But there are still huge problems - with the under-supervised use of WhatsApp and other digital platforms to campaign, cajole and sometimes misinform ... the huge amounts of cash disbursed to buy votes and favourable coverage (voting has been postponed in one South Indian constituency after the seizure of cash amounting to more than £1 million believed to have been intended to influence the result) ... and a persistent problem of personation.
The friend who showed me round the Mayur Vihar polling stations said he and his wife won't be voting - but by 6pm, he added, his vote would still have been cast. Those who don't vote are sometimes victims of impostors voting in their name. And some of those who come to cast their ballot late in the day are told that they have already voted - even though they haven't.
And what next? Well, the exit polls will be released when the last polling stations close next Sunday - and then votes are counted four days later, on May 23rd.
Who do I think will win? Watch WION - and you'll find out!
This marvellous photo was taken by Brian Shuel during Bob Dylan's first visit to London in December 1962. The venue was the Pindar of Wakefield on Grays Inn Road (it's now the Water Rats!), where the Singers' Club - then run by Ewan MacColl and Peggy Seeger - gathered every week. Was this Dylan's first ever public performance in the UK? Well, that's discussed in my Curious King's Cross - here's the link. But because of Brian's photographs, Dylan's performance at the Singer's Club is the best known episode of the 21 year old's initial musical encounter with London.
I have often wondered about the young women in the photograph who are so clearly enraptured by Dylan and his music. Who are they? How did they come to be there? A week or two back, I gave a talk about Curious King's Cross at Holborn Library and showed Brian Shuel's photo - one of those who had come along came up at the end to say that she thought she recognised one of the women in the photo.
That's how I came to have a cup of tea the other day with Natasha Morgan - she's the woman in the bottom left of the photo.
Natasha was then sixteen, living with her left-wing parents in Surrey and she had a few months earlier travelled with a coach-load of folkies - 'lovely people' - to a CND peace march. She knew Bob Davenport, already a key figure on the folk scene, and in spite of her parents' concerns about a young woman wandering alone around King's Cross - Davenport would make sure she got a taxi home - she was a regular at the Pindar's folk evenings.
'I didn't know Bob Dylan was going to be there - the name didn't mean anything to me', Morgan recalls. 'But he was so different from the other singers - for a start he was young, and he didn't simply sing the traditional, unaccompanied songs.'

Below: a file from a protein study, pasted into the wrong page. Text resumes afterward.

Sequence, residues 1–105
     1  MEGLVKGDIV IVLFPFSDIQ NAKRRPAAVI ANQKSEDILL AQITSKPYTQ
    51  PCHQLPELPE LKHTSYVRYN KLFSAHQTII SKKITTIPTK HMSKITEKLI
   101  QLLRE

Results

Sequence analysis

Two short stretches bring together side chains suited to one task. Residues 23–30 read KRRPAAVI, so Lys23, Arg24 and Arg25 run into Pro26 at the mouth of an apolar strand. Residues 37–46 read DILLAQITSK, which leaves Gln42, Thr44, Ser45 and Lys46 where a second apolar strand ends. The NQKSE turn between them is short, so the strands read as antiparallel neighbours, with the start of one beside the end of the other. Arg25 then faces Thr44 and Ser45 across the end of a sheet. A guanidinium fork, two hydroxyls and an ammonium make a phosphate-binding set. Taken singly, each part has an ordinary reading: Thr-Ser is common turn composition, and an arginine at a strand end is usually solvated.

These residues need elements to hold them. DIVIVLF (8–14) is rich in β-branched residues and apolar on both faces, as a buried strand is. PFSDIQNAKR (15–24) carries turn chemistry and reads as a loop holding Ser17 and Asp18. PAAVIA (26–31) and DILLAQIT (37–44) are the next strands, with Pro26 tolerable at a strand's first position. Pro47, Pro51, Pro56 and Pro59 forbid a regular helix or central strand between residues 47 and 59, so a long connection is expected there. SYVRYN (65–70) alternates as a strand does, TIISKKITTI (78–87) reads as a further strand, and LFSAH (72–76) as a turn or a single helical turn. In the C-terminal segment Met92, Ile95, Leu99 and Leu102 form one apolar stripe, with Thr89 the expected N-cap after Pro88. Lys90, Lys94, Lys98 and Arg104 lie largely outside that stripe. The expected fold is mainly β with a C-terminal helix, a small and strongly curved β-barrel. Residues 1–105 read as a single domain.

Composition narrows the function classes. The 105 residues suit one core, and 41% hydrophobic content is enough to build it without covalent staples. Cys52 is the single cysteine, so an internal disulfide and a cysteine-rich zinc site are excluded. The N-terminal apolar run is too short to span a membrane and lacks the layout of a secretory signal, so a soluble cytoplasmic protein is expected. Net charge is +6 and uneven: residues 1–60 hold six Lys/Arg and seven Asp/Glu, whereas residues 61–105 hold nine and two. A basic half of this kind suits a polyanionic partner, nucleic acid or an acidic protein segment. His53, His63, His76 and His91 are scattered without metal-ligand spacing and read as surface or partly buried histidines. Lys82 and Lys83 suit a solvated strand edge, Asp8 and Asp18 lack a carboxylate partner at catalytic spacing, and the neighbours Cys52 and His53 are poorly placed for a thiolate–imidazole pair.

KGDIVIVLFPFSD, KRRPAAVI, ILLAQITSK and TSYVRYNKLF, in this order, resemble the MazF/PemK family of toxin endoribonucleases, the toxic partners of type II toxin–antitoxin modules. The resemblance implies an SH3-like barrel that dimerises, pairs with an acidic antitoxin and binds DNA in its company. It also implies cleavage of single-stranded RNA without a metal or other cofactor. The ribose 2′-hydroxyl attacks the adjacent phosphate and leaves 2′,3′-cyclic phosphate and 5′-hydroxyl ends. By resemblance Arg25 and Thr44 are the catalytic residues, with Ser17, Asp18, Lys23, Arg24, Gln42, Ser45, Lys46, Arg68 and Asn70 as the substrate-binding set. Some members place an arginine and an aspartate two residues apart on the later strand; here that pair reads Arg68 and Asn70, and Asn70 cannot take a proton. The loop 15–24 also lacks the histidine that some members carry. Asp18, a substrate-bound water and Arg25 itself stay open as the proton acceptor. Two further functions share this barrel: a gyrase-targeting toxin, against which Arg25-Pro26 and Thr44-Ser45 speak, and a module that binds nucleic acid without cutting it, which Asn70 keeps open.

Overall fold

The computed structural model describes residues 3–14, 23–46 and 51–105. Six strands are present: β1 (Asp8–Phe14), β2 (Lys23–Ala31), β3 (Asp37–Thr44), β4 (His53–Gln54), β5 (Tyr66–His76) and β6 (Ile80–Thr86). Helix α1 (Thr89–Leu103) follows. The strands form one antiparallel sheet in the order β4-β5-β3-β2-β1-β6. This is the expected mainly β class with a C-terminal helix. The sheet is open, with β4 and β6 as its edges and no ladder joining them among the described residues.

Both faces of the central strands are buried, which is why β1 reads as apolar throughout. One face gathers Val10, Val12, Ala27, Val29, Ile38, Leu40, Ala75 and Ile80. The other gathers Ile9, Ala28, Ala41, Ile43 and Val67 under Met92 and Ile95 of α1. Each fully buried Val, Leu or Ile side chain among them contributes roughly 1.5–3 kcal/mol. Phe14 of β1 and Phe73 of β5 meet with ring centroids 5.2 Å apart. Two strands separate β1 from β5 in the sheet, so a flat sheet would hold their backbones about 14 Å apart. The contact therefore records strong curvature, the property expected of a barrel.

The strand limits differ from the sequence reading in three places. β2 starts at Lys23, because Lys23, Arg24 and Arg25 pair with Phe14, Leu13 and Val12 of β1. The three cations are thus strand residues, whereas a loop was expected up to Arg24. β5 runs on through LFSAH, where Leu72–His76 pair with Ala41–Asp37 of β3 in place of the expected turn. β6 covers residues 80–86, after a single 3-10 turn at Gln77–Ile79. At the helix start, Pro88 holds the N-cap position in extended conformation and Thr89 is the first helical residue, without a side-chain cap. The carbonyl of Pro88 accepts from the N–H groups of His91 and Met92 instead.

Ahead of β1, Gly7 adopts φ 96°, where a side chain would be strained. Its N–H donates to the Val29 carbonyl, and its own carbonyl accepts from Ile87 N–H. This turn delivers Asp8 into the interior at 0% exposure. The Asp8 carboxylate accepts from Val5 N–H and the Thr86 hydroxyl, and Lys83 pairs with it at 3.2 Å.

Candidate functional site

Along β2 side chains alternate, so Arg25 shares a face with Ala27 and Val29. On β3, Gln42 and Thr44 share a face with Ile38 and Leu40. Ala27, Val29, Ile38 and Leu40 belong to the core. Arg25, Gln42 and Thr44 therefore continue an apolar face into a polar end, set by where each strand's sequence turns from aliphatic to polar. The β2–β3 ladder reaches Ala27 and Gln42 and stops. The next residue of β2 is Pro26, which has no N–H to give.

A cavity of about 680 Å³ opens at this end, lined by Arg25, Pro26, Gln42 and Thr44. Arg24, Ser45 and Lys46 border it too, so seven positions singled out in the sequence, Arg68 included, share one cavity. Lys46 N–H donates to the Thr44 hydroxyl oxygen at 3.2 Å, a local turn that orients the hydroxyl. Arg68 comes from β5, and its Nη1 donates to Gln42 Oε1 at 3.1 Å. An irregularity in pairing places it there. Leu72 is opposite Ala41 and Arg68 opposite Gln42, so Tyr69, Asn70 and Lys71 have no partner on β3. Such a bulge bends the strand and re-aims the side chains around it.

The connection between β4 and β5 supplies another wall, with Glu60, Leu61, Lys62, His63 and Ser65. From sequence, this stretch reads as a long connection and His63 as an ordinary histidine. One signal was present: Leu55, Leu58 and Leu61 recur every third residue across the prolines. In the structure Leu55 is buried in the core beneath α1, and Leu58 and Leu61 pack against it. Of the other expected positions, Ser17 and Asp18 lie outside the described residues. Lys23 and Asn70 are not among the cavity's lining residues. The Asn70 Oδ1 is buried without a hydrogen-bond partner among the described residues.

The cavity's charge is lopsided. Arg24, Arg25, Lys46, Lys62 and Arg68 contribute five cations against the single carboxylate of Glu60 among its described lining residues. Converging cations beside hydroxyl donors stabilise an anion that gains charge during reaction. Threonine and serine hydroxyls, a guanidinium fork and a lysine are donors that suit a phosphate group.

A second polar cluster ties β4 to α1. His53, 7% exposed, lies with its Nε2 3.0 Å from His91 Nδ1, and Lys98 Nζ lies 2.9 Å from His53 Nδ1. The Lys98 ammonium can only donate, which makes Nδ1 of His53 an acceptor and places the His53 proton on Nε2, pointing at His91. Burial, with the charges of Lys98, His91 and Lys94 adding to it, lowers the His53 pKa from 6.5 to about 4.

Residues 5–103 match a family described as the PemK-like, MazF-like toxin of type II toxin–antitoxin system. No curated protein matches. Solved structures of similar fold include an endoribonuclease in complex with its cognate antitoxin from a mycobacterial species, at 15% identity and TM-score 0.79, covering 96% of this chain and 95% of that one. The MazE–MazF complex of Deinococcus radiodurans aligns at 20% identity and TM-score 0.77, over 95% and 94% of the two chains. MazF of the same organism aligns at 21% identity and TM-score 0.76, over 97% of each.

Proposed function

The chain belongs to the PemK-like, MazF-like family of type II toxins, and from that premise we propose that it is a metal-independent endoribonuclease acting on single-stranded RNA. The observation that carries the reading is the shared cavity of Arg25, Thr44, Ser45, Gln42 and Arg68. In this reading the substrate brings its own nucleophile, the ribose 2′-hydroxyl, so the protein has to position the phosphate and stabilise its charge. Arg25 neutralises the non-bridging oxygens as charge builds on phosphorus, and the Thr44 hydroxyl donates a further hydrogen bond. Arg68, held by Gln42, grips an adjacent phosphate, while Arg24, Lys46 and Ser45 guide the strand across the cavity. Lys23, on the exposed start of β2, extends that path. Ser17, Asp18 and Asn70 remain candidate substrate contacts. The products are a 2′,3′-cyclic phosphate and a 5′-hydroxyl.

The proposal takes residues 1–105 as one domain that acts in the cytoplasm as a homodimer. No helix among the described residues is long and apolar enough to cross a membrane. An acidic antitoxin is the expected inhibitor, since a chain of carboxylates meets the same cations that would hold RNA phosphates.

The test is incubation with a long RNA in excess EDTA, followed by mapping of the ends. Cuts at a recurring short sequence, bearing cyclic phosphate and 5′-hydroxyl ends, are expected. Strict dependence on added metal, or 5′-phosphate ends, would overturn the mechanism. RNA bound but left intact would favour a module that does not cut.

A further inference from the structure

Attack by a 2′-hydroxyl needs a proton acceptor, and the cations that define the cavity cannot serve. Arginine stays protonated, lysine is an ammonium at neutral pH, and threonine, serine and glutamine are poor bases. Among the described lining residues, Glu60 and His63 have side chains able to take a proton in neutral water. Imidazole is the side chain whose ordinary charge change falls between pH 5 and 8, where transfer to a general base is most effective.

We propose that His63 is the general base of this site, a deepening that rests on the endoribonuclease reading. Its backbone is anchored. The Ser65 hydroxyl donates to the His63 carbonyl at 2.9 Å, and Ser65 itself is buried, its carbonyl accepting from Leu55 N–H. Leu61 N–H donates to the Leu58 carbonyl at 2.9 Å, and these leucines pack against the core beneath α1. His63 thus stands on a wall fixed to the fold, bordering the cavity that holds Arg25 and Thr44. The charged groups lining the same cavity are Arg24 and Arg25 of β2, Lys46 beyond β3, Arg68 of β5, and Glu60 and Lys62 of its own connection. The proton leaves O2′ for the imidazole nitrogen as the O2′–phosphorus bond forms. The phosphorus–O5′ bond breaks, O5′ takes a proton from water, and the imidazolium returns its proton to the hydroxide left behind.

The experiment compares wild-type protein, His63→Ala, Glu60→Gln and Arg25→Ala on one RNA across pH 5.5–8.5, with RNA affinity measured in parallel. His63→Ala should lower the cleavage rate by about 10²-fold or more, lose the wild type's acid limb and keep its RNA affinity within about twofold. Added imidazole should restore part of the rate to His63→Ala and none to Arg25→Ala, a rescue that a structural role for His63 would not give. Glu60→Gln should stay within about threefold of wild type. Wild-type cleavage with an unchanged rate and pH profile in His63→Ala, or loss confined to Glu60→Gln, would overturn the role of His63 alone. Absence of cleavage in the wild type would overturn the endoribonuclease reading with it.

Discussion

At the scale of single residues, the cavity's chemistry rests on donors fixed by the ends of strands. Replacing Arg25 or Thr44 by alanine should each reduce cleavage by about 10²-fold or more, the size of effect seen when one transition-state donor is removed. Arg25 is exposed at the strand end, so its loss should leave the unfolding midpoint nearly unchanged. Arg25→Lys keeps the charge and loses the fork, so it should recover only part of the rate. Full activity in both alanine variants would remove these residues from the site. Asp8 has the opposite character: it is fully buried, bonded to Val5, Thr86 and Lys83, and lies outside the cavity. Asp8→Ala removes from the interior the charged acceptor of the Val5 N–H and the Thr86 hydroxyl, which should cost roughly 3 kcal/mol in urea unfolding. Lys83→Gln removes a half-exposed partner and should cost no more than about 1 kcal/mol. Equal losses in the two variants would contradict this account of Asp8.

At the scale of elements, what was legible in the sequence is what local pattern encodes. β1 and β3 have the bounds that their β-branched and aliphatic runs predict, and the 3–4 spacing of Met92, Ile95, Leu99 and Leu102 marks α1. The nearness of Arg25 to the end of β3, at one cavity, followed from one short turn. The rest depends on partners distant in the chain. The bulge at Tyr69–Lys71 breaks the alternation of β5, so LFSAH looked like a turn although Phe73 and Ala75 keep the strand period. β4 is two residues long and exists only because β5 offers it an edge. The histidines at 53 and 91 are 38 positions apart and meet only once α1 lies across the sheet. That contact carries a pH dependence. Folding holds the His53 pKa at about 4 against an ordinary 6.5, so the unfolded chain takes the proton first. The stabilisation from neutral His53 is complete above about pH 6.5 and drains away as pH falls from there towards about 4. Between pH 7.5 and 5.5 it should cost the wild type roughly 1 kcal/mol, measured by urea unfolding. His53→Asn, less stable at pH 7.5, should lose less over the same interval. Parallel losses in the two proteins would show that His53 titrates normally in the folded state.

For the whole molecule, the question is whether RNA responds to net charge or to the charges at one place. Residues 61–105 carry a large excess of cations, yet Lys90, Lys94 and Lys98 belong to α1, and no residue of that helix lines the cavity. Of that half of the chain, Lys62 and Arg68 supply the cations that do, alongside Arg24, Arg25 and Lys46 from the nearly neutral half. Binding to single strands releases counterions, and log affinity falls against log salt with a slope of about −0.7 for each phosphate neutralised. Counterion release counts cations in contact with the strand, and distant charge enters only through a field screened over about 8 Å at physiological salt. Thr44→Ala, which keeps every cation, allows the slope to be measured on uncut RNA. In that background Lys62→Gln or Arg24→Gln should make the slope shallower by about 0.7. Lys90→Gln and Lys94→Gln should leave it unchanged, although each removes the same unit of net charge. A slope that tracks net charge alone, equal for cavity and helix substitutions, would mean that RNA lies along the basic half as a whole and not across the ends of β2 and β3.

'At the Singers' Club there was an emphasis on being authentic - many of the singers and performers were older men, a bit beery, slobbery. You had to watch your bottom with some of them - they were always saying "come sit with me". Dylan was very different from that.'
Next to Natasha Morgan in the photo is Anthea Joseph, now dead, who was already an important figure on the folk scene. Natasha was friends with her brother, Tom - a 'natural troublemaker' in the words of the obituary of him in the Camden New Journal.
The legion of Dylanologists has tried to resurrect every one of the singer's set lists - but there is no unanimity about what Dylan played on his handful of informal appearances during that desperately cold London winter.
Morgan is fairly sure he sang 'Masters of War' at the Singers' Club and thinks that he may also have performed 'Blowin' in the Wind'. A few months afterwards a friend taught her to play guitar, and her initial repertoire included 'Blowin' in the Wind' and 'Don't Think Twice'.
She saw Dylan several times on later concert tours - but never again looked on with such rapt attention.
A pilgrimage to Huddersfield yesterday, to see Town's last home game in the Premier League. This has been a dismal season - we have been rooted to the foot of the table for several months - and Lord knows when we'll be back.
I went by train - a thirteen-hour round trip from north London for an hour-and-a-half of football. But this is big!
In the thirty years before my birth, Huddersfield Town spent just one season out of the top tier of English football. In the past sixty or so years, they have had just four seasons in total in the top tier.
I remember well Jimmy Nicholson's team - Frank Worthington and Trevor Cherry were among that number - which won the old Second Division championship in 1969-70. After two seasons in the First Division, they slipped down - and down - and down.